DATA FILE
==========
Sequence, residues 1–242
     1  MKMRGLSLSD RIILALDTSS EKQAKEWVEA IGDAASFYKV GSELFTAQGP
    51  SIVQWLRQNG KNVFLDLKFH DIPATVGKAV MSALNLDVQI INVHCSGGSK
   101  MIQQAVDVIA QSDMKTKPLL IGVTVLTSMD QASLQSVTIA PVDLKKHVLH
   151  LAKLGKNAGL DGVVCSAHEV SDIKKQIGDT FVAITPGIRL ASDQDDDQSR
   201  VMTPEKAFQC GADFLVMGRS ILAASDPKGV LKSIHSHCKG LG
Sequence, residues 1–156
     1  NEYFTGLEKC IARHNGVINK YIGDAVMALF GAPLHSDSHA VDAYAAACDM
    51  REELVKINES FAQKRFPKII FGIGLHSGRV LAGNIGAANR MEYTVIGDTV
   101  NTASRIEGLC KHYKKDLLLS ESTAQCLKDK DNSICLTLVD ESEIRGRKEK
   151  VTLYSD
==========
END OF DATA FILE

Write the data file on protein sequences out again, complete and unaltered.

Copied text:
Sequence, residues 1–242
     1  MKMRGLSLSD RIILALDTSS EKQAKEWVEA IGDAASFYKV GSELFTAQGP
    51  SIVQWLRQNG KNVFLDLKFH DIPATVGKAV MSALNLDVQI INVHCSGGSK
   101  MIQQAVDVIA QSDMKTKPLL IGVTVLTSMD QASLQSVTIA PVDLKKHVLH
   151  LAKLGKNAGL DGVVCSAHEV SDIKKQIGDT FVAITPGIRL ASDQDDDQSR
   201  VMTPEKAFQC GADFLVMGRS ILAASDPKGV LKSIHSHCKG LG
Sequence, residues 1–156
     1  NEYFTGLEKC IARHNGVINK YIGDAVMALF GAPLHSDSHA VDAYAAACDM
    51  REELVKINES FAQKRFPKII FGIGLHSGRV LAGNIGAANR MEYTVIGDTV
   101  NTASRIEGLC KHYKKDLLLS ESTAQCLKDK DNSICLTLVD ESEIRGRKEK
   151  VTLYSD